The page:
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New Accelerator Kitchen in Lansing offers opportunities for entrepreneurs

Jose Aste cooking a Peruvian Dish
Posted at 3:28 PM, Apr 05, 2021
and last updated 2021-04-05 21:43:26-04

LANSING, MI — The Allen Neighborhood Center’s new accelerator kitchen will give you a sense of the entrepreneurial talent that Lansing has to offer.

The $655,000 shared-use kitchen opened in mid-March to serve as a food hub for graduates of the non-profit’s incubator kitchen program.

The incubator kitchen opened in February 2014. It provides affordable kitchen rental and business development support for entry-level food entrepreneurs.

Joan Nelson the Director of the Allen Neighborhood Center says 57 small food business start-ups have participated in the incubator program since then.

“It’s sort of the next step between an incubator program and moving into one's own bricks and mortar operation,” Nelson said

Right now the kitchen features four different businesses, Smoothie Queen, Tantay, Mr. Leslie's Cheesecakes, and Slow B-B-Q.

They each have their own designated space to work with prep tables, sinks, and storage. They also share a commercial hood, two ranges, a convection oven, freezer, counter, display case, and public seating area with each other.

On one side you’ll find Tammara McCollum, the owner of Smoothie Queen, blending up smoothies fit for royalty in her pink apron.

Tammara McCollum owner of Smoothie Queen

"We have all different types of smoothies they are 100% dairy-free."

She started selling smoothies in 2019 from her apartment but last year things got tough for her.

"I was trying to run this business with no knowledge of how to do it. No knowledge of how to save money for a business. So i ended up falling on hard times and I lost my apartment and during the wintertime, I had to live in my car," McCollum said.

"That’s also around the time that I found out about Allen Neighborhood Center so I knew that was my next step whenever I was able to get back on my feet.”

With the help of her friends and the community, she started to bounce back, and began selling smoothies once again. This time, out of the trunk of her car.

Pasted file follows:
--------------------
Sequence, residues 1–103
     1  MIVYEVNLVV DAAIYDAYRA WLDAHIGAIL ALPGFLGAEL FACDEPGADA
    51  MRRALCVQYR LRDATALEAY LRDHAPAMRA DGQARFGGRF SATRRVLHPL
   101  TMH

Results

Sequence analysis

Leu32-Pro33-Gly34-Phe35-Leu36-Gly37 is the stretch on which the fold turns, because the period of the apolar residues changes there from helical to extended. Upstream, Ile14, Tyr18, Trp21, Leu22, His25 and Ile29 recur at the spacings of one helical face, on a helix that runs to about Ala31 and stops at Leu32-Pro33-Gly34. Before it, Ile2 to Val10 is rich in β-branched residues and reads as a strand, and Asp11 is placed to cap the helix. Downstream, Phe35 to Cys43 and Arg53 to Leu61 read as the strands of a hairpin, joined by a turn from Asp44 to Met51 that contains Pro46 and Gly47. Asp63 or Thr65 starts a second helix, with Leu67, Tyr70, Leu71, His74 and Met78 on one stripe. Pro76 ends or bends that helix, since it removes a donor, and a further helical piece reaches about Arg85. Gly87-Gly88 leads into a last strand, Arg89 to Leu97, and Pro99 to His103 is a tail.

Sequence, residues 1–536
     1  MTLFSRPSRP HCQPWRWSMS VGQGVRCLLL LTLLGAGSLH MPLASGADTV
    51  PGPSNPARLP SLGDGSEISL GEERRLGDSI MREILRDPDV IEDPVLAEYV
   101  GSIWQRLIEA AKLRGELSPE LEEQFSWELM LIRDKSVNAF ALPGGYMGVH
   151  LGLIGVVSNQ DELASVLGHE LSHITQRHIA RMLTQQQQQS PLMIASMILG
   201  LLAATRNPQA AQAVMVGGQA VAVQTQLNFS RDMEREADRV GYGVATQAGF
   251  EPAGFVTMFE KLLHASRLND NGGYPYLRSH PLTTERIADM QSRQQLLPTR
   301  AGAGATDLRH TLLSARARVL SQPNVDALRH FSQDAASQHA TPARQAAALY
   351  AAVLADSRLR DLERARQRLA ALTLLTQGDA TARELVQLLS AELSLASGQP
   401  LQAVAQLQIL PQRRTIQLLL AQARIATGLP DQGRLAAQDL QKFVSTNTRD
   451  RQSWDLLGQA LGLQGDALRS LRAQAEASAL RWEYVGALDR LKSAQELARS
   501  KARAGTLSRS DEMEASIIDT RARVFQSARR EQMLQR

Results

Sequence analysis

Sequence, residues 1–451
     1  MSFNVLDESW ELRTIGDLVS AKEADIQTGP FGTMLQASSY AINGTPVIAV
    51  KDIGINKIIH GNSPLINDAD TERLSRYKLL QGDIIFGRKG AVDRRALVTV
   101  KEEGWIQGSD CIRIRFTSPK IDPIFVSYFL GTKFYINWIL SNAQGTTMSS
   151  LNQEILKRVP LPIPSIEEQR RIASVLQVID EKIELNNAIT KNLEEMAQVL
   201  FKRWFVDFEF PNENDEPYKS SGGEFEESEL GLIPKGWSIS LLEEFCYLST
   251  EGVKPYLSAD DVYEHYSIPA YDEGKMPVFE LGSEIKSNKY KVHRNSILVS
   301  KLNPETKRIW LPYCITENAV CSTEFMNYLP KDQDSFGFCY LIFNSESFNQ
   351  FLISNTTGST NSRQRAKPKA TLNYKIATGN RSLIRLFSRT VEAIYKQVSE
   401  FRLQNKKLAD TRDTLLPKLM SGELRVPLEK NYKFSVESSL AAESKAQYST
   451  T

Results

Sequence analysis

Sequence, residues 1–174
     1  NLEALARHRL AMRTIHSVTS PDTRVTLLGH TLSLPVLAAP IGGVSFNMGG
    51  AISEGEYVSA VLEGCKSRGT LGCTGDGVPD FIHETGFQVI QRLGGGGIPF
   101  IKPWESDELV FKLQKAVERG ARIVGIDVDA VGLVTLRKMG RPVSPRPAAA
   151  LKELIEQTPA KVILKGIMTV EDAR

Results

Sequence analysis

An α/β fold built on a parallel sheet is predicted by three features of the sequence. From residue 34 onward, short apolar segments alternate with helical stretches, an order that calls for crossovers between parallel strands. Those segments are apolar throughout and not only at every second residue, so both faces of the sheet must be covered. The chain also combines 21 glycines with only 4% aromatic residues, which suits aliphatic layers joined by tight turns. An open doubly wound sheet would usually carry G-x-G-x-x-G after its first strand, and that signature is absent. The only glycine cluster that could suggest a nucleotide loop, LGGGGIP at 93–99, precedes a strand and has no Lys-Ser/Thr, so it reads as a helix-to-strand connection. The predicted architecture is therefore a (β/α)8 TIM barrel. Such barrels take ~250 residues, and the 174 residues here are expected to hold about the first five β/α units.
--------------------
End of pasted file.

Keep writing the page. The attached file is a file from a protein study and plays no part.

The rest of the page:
Then, during quarantine, she got her food license and started with the program in August of last year. She says the energy inside the kitchen is great.

“It’s like a blessing. it’s like our own little space. We can do pretty much whatever we want here. We have our own stations so it's really awesome,” McCollum said.

On the other side of the kitchen wall, you can find Marcus Leslie Sr, the owner of Mr. Leslie's Cheesecakes, perfecting them to put a smile on your face.

Marcus Leslie Sr. Owner of Mr. Leslie's Cheesecakes

"What i want people to know is when they get a piece of cheesecake it’s kind of like you’re part of the family. You get to take that experience and share it with other people hopefully,” Leslie said.

He says he loves cheesecakes and grew up baking as a kid. But it was a dinner party he was invited to that made a difference in his life.

"They told me they had cheesecakes which were my favorite dessert so I was like bet. He said I’m going to take it out the oven and I said wait hold up cheesecake isn’t supposed to be hot,” Leslie said.

"I tasted it and it was the best cheesecake I ever had and so I begged for the recipe and from there on I just made it my own."

He says he actually used to get his hair cut in the place where the accelerator kitchen now stands and he loves the fact that he can come back and give to a community where he once struggled.

"Now I’m able to employ people and kind of help them in this time of needs,” Leslie said.

And lastly, you have Jose Aste, the owner of Tantay keeping things hot in the kitchen.

Jose Aste Owner of Tantay

"It’s Peruvian cuisine. You can’t get that anywhere in central Michigan other than here. We are the second Peruvian restaurant in the whole state of Michigan. We try really hard to use local products.”

He says the difference between his Peruvian Cuisine with the rest is that he's trying to cater to people who want gluten-free, vegan, and vegetarian.

He was born in Peru and grew up in Miami. He says his love for food started with his family.

"That getting together revolved in a kitchen just really stuck with me forever. that’s basically what I’m trying to do,” Aste said.

"This is a big stepping stone to create what we really wanted which is to create an environment that’s very inclusive that brings people together kids anybody.”

Slows B-B-Q will soon be added to the mix.

Nelson says there is no time limit for how long the makers can stay working out of the kitchen.

All three entrepreneurs say they are learning every day from this program and are grateful for the opportunity to work in an environment with amazing people.

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Tianna Jenkins

12:23 PM, Jan 12, 2021
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Isabella Martin

3:46 PM, May 05, 2022

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